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ECONOMY > Energy

Plans underway to turn Yokohama into a LNG supply base

  • November 7, 2017
  • , p. 72-73
  • JMH Translation

By Hidetsohi Shioda, senior analyst at Circle Cross Corporation


Ships fueled by liquefied natural gas (LNG) are widely expected to become the new international standard, driven by the introduction of stringent regulations on the use of sulfur as ship fuel. In Japan, plans are underway to turn the port of Yokohama into an LNG supply base, as low-emission, environment friendly LNG-fueled ships are attracting industry attention.


At present, Singapore is known as one of Asia’s leading supply bases of high-sulfur C-fuel (HSC), a fuel popularly used in large vessels. Thanks to its strategic advantage of a location at one of the most important shipping lanes in the world in addition to a well-established port infrastructure and oil refinery facilities, ship fuel prices are relatively low there.


To compete with Singapore, Japan aims to turn Yokohama and other key ports into global supply base of LNG so that the volume of LNG trading will expand and the price of the fuel in Japan will drop to an internationally competitive level. This will help increase Japan’s standing as a base for the supply of ship fuel in Asia and may also help Japan inch closer to Singapore in cargo transactions. In 2014, for example, Singapore handled about 560 million tons of cargo, whereas the volume of cargo handled at the Yokohama port in the same year was about 120 million tons.


Japan is already well-equipped with fuel-supply infrastructure for LNG ships. It has a number of natural gas-powered thermal power plants. City gas pipelines are also already in place. So it is well-positioned to accommodate large LNG ships throughout the country.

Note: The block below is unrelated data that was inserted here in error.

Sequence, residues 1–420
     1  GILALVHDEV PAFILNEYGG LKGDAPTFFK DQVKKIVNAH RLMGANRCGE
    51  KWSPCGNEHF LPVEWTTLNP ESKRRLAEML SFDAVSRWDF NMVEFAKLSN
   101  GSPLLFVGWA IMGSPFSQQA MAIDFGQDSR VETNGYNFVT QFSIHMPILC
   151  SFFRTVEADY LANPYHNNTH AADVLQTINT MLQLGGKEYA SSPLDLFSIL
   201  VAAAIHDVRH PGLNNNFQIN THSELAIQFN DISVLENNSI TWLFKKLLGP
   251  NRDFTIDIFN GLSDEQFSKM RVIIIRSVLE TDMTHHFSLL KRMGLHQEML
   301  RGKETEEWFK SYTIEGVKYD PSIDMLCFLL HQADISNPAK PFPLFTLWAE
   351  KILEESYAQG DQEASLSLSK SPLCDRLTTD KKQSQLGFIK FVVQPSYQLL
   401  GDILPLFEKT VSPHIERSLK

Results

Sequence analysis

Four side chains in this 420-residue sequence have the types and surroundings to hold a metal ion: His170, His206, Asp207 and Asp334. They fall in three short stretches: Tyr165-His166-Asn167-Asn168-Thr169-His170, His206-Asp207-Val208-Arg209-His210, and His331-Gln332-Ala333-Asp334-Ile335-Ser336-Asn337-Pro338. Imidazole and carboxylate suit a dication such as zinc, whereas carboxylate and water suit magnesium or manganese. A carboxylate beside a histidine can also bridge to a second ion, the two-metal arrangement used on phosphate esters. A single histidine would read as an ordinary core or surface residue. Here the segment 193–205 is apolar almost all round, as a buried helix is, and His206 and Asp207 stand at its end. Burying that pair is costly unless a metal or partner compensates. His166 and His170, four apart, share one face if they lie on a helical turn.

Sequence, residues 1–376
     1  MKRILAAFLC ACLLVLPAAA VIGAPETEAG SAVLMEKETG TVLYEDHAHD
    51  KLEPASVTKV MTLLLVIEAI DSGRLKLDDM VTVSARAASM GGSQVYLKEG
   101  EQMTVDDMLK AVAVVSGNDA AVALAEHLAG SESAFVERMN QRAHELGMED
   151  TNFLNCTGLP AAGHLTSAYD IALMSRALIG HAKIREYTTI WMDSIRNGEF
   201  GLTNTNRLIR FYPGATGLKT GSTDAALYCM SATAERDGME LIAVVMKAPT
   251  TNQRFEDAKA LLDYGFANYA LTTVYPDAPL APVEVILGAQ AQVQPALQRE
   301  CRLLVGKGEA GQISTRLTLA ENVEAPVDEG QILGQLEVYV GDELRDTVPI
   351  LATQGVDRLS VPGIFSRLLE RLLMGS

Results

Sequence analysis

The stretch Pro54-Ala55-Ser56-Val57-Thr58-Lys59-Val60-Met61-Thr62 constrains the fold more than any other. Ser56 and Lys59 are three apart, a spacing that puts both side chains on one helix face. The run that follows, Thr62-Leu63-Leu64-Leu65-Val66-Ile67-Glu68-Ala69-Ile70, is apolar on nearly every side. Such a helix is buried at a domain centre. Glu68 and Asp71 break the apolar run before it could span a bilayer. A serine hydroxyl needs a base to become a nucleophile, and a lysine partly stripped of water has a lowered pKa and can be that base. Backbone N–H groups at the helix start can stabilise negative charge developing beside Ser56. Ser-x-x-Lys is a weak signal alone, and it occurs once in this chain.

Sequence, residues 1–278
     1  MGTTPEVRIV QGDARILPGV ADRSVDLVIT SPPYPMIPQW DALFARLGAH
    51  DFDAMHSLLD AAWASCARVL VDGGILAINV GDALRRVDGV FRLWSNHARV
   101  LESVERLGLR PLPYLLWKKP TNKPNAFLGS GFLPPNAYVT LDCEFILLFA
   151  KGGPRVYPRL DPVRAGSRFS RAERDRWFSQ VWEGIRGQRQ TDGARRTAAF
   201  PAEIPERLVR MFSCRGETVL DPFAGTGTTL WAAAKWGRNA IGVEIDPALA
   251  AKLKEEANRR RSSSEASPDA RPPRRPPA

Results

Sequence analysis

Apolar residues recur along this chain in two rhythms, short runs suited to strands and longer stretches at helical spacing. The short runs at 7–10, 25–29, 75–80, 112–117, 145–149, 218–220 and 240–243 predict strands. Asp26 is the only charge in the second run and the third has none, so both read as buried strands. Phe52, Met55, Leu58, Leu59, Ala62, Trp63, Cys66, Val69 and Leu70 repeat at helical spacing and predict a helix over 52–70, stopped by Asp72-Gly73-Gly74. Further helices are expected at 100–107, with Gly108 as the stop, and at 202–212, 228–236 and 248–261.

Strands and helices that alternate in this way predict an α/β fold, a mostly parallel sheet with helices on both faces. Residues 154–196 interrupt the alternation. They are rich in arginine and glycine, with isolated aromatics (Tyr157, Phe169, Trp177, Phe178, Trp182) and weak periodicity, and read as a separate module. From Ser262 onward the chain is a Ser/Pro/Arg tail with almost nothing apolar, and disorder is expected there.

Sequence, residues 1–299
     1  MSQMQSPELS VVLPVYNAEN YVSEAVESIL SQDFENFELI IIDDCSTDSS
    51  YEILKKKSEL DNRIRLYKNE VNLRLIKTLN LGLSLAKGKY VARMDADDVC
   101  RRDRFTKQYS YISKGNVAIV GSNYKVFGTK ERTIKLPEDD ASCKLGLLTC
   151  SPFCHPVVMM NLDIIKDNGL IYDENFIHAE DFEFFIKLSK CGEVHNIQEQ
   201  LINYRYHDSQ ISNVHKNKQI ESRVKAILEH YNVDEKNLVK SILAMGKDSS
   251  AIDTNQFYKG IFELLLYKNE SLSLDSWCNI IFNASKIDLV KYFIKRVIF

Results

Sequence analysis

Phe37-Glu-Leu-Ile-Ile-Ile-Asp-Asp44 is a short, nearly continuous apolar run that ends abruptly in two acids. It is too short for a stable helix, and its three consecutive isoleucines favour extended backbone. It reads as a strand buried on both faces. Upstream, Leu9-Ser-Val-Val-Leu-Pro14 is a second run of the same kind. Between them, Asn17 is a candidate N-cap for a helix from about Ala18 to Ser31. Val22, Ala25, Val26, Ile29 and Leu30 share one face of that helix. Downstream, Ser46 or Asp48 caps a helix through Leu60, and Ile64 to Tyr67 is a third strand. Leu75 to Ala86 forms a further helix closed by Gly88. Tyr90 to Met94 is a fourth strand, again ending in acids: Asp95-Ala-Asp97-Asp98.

In June 2016, the Ministry of Land, Infrastructure and Transport (MLIT) launched a “steering committee for LNG bunkering at the port of Yokohama” to promote the construction of LNG bunkering bases across the country by using Yokohama as a model. In August 2017, Japan and Singapore announced the launch of their joint research on LNG bunkering. Their port authorities as well as Japanese shipping firms (Kawasaki Kisen, Mitsui O.S.K. and NYK Line) set up a working group to discuss supply infrastructure and issues that need to be tackled with an eye on automobile carriers. Roughly one-third of the costs needed to build facilities, such as LNG tanks and pipelines, is expected to be funded by the government.  


The MLIT earmarked a “project to promote the construction of LNG bunkering bases” in its budgetary request for fiscal 2018 for the first time. This is expected to spur the construction of LNG fuel bases not only in Yokohama but also at the the port of Nagoya and ports in the Hanshin region. Osaka Gas, Kansai Electric Power Co., Toho Gas and Chubu Electric Power Co. are expected to become LNG suppliers.


The robust construction of infrastructure for LNG bunkering across Japan is expected to add to demand for LNG-fueled ships. This is also expected to create business opportunities for domestic shipbuilders and manufacturers of ship motors and engines as well.


International competition is already intensifying over the construction of international hubs for LNG bunkering. The task of establishing Yokohama and the Hanshin ports as international hubs for LNG bunkering is not easy. Singapore, for example, finances the construction of LNG-fueled ships through a fund it set up and discounts expenses that foreign LNG-fueled ships pay for port entry and departure. Japan needs to work hard to lower LNG bunkering expenses in various forms through public-private initiatives. (Abridged)




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